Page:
NCGA Expresses Concern with Delayed Implementation of Governors’ Effort to Ensure Year-Round E15
The U.S. Environmental Protection Agency today proposed to implement a plan from eight Midwest governors to require lower-volatility gasoline in their states aimed at ensuring drivers in those states continue to have year-round access to fuel with 15 percent ethanol. However, EPA proposed to delay implementation until 2024.
The National Corn Growers Association supported the governors’ plan and expressed serious concern over the one-year delay in implementation and the market uncertainty the delay creates for E15 in 2023.
“These governors took the initiative and used authority under the law to ensure their consumers could maintain access to low-cost, low-emissions E15,” said National Corn Growers Association President Tom Haag. “These governors did the right thing, but EPA’s proposal delays this solution. Higher ethanol blends lower emissions, save drivers money and allow for consumer choice. With the proposed delay in implementation, we now urge EPA to use existing authority to prevent a disruption in E15 availability this summer.”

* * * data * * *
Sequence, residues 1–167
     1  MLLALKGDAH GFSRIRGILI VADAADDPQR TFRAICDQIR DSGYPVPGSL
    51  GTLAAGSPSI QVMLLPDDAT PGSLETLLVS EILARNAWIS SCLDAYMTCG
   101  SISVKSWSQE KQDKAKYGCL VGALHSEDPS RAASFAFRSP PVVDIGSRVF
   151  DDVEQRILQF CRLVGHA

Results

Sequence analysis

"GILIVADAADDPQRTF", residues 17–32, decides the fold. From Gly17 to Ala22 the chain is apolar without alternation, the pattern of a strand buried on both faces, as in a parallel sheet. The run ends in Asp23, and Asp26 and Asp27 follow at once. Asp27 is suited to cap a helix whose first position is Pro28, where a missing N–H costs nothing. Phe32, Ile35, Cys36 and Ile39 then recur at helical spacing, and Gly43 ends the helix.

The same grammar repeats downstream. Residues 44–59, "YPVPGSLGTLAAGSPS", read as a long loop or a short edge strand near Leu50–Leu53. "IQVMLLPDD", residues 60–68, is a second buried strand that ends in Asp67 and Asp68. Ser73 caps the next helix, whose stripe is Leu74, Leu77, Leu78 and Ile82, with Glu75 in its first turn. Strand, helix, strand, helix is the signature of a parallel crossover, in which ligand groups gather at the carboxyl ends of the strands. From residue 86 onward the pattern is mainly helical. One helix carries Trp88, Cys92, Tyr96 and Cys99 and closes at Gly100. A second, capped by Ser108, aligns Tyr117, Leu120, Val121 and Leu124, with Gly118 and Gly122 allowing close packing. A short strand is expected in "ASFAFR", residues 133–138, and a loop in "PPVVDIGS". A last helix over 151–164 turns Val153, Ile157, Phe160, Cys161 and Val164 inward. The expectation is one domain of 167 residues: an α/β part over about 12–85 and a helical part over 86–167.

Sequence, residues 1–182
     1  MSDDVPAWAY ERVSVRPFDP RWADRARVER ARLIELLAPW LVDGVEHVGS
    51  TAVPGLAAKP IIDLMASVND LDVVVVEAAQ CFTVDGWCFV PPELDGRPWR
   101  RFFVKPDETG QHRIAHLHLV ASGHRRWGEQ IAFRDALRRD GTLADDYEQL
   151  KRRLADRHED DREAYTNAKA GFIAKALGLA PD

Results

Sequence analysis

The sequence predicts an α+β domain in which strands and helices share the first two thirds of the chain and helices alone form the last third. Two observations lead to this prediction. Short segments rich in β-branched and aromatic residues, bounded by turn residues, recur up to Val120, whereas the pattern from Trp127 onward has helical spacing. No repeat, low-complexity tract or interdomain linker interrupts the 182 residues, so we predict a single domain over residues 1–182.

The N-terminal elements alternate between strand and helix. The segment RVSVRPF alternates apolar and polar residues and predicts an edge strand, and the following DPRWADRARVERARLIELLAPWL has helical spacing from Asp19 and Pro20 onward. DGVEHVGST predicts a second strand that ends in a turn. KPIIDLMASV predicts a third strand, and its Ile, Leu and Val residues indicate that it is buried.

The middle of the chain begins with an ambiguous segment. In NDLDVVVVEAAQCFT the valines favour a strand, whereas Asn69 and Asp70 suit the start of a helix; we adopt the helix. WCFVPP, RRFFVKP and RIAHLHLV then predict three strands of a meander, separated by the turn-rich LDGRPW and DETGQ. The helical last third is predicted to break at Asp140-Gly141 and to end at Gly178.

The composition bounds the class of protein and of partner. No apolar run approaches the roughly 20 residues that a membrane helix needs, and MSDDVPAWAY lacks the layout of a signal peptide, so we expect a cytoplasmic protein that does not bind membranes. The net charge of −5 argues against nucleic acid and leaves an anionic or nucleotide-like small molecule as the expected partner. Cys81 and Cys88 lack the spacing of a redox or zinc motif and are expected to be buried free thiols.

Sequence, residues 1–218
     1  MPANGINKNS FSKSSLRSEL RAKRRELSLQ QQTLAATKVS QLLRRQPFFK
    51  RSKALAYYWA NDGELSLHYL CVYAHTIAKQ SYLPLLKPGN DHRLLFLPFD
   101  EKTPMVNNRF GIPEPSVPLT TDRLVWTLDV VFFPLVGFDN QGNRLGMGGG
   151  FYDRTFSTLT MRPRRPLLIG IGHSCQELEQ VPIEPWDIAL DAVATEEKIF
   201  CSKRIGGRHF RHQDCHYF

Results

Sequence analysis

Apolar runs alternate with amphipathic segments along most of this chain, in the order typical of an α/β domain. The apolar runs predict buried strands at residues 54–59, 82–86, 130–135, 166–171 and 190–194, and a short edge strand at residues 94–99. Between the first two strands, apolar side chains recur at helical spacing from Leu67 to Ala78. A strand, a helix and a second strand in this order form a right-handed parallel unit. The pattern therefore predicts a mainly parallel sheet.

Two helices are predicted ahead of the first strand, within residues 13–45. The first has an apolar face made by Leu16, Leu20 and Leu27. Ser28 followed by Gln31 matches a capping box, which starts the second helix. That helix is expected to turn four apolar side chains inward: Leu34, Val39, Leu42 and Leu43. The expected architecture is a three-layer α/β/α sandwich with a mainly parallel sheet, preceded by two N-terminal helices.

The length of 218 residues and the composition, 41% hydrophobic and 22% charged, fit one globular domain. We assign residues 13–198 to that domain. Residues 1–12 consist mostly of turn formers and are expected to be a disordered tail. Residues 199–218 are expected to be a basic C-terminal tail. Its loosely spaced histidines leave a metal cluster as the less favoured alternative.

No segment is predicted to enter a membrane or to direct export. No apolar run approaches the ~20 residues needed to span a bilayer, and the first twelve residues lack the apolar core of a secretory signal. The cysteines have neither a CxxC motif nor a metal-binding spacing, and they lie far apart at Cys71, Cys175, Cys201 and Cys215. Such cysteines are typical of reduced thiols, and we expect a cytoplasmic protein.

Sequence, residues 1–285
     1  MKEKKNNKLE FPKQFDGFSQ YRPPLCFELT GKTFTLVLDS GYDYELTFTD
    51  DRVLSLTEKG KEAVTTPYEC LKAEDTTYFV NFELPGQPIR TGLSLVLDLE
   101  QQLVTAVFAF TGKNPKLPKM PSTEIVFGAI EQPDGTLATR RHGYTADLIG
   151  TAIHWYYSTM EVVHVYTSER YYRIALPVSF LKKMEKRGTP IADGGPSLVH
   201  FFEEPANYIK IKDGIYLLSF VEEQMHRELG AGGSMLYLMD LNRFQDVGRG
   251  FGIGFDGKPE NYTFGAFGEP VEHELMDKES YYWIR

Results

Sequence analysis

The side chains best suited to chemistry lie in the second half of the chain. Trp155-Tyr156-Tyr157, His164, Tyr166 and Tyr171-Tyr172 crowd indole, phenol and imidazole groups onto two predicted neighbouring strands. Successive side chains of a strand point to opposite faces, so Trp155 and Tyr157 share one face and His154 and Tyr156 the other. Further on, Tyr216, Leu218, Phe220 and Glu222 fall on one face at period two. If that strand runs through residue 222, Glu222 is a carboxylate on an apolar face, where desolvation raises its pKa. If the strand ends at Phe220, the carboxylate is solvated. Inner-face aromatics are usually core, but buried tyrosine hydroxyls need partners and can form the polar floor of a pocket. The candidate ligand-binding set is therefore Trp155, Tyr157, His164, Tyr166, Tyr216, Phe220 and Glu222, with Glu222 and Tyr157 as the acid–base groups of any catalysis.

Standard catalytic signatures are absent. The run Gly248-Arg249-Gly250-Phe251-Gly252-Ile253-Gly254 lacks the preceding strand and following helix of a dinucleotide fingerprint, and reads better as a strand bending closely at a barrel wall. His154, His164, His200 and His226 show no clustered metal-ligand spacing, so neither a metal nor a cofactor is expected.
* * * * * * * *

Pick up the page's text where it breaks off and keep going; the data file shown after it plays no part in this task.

EPA approved 15 percent ethanol blends, or E15, in 2011 for use in all 2001 and newer vehicles, which account for more than 96 percent of vehicles on the road today. Retailers have increased availability of E15, often marketed as Unleaded 88, to offer consumers choice and lower fuel costs, as well as increase the fuel supply. E15 has been sold year-round for the past four years, but outdated regulatory barriers continue to hinder permanent full-market access to E15.
Last year, as the nation faced fuel supply challenges, President Biden directed EPA to use existing agency authority to prevent a disruption in E15 availability between June 1 and Sept. 15. As a result, continued availability of E15 increased the nation’s fuel supply and saved drivers an average of 16 cents per gallon nationwide.
In April of 2022, several Midwest governors informed EPA of their decision on lower-volatility gasoline. The Clean Air Act gives governors the authority to act on these matters as they consider their states’ consumers and air quality. The Act gives EPA 90 days to approve the governors’ plans. However, EPA took 10 months to issue the proposal, which now includes a delay in implementation until 2024.
On Tuesday, 17 U.S. senators called on President Biden to direct EPA to again use the agency’s existing authority to allow for the continued use of E15 through this summer. NCGA supports the senators’ request and strongly urges EPA to use its authority to increase the fuel supply through uninterrupted access to E15.